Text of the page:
Mild primary dysmenorrhea typically causes women to experience pain a few hours before their periods start, and then eases once their menstrual flow begins. Occasionally, the pain continues into the second and even third day of their periods.
Prostaglandin Production: Curse and Blessing
Prostaglandins, the hormone responsible for causing so many women pain, have a critical role in preserving the perpetuation of our species. Each month the lining of the uterus (the endometrium) builds up in preparation for a possible pregnancy. If a pregnancy occurs, the fertilized egg attaches itself to the lining to be nourished as it develops into a baby. If the egg is not fertilized, the lining is not needed. Prostaglandins are then released in the uterus, triggering the muscles to contract and squeeze the lining out, resulting in menstruation. During childbirth, prostaglandins are released to contract the uterine muscles for pushing out the baby.
Altering the prostaglandin levels represents a chemically-induced way of relieving menstrual cramps. However, bodyworkers have other tools to provide dysmenorrhea relief:
- Hydrotherapy – The use of heat has a long history of relieving menstrual cramps. Warmth increases circulation, thus reducing muscular tension. A warm bath or hot pack on the abdomen or lower back can bring enormous relief. An all-natural fiber hot pack using moist heat is a top choice by bodyworkers to reduce menstrual pain.
- Acupressure – According to Alexis Phillips, a medical massage instructor and supervisor of the Peter Ling Clinic of the Swedish Institute in New York City, “the foot contains acupressure points that are believed to be connected along internal energy pathways to the pelvic area.” Phillips advises to feel for sensitive spots during menstruation in the depressions above either side of the heel and along the Achilles tendon. Traditionally, massage over the Kidney, Liver and Spleen meridians will balance hormone production. Acupressure on the foot and calf, specifically on tender spots found on the three mentioned hormone-related meridians, has the effect of reducing muscular tension and increasing uterine blood circulation.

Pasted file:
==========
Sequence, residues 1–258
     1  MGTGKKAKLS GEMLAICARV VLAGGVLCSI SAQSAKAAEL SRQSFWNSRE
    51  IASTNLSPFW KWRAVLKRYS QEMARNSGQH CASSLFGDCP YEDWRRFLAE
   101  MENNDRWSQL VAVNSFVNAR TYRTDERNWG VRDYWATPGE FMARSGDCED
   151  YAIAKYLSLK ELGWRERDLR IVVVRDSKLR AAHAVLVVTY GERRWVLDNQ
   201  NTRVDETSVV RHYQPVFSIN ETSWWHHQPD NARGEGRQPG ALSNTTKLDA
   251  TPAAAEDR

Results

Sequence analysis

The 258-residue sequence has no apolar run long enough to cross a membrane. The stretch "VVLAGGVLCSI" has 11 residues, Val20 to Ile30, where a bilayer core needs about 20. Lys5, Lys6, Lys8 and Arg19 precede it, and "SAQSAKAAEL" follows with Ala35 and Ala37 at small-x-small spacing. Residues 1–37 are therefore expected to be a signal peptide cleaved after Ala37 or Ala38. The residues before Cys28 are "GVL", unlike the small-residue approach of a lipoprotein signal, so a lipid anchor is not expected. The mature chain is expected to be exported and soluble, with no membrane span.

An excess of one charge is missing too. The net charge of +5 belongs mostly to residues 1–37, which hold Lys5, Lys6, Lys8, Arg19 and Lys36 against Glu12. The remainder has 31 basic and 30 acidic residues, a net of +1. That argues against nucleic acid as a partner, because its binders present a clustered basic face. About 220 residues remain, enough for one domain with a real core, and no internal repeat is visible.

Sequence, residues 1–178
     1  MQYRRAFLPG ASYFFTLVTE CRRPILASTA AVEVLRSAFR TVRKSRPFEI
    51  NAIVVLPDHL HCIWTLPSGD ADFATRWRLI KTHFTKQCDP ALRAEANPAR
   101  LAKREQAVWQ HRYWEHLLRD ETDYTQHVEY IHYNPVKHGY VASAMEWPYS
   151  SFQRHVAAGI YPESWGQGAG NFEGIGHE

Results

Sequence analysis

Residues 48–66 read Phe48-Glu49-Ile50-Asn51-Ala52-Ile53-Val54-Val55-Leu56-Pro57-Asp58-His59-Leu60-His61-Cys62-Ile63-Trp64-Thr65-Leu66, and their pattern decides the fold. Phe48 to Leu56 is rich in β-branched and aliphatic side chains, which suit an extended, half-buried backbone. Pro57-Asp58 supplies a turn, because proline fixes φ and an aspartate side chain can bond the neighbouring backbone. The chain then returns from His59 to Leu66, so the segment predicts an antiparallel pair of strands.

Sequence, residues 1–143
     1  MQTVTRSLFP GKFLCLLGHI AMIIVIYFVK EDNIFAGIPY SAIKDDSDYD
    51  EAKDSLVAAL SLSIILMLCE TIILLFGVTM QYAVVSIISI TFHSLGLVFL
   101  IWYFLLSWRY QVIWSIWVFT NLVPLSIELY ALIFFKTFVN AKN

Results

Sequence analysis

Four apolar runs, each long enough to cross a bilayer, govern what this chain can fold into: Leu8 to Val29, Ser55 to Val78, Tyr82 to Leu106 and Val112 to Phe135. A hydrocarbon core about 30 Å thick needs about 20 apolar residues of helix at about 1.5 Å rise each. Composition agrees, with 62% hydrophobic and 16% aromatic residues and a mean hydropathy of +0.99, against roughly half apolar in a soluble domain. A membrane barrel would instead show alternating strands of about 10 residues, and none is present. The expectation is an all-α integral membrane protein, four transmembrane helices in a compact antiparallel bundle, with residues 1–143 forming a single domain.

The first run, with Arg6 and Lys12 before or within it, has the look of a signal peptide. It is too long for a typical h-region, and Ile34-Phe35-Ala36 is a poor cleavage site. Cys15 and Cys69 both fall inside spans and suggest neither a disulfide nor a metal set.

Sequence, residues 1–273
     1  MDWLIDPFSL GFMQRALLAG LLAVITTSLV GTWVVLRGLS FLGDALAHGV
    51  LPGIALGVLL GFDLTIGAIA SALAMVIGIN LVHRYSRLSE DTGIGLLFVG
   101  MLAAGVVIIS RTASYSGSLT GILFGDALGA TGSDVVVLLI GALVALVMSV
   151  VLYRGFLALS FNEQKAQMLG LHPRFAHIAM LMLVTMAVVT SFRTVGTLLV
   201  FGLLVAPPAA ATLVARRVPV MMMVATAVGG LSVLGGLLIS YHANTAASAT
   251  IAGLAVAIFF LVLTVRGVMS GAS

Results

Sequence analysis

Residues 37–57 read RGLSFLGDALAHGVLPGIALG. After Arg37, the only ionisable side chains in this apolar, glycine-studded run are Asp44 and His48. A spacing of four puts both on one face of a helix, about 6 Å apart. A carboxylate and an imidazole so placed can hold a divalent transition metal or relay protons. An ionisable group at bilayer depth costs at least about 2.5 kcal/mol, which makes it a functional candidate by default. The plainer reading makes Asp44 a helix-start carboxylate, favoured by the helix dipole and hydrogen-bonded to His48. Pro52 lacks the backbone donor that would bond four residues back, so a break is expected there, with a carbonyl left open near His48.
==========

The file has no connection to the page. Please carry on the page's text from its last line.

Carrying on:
- Abdominal Massage – In addition to many Asian bodywork styles, abdominal massage is also part of many Swedish massage routines. Abdominal massage is a direct technique to increase uterine circulation, thus reducing localized muscular tension. A 2005 Korean study involved administration of abdominal meridian massage for 5 minutes per day during 6 days from the fifth day before menstruation to the first day of menstruation. Their results demonstrated that abdominal massage was a very effective treatment for dysmenorrhea.
- Aromatherapy – Many women experience menstrual cramp relief with the use of aromatherapy. Certain essential oils are known to have relaxing effects on the mind and on cramping muscles. Mood swings can be addressed by incorporating essential oils into regular massage, warm relaxing baths or diffusing a relaxing blend. Essential oils to consider include clary sage, lavender and ylang ylang. For pain and/or cramping a warm relaxing bath, a warm compress applied to the lower back and abdomen or clockwise massage of the abdomen can be helpful. Essential oils to consider include clary sage, geranium and marjoram. For too much bleeding try a warm compress on the lower abdomen. Essential oils to consider include cypress, frankincense and geranium. For too little bleeding, a warm compress on the lower abdomen or a warm bath can be helpful. Essential oils to consider include basil, clary sage and juniper berry.
In conclusion, massage therapists have a myriad of options available to them to deliver pain relief to over half of their female clientele with PMS. Whether using heat therapy, acupressure, abdominal massage, aromatherapy or any variation, bodyworkers can reduce uterine spasms without hormone therapy or surgery.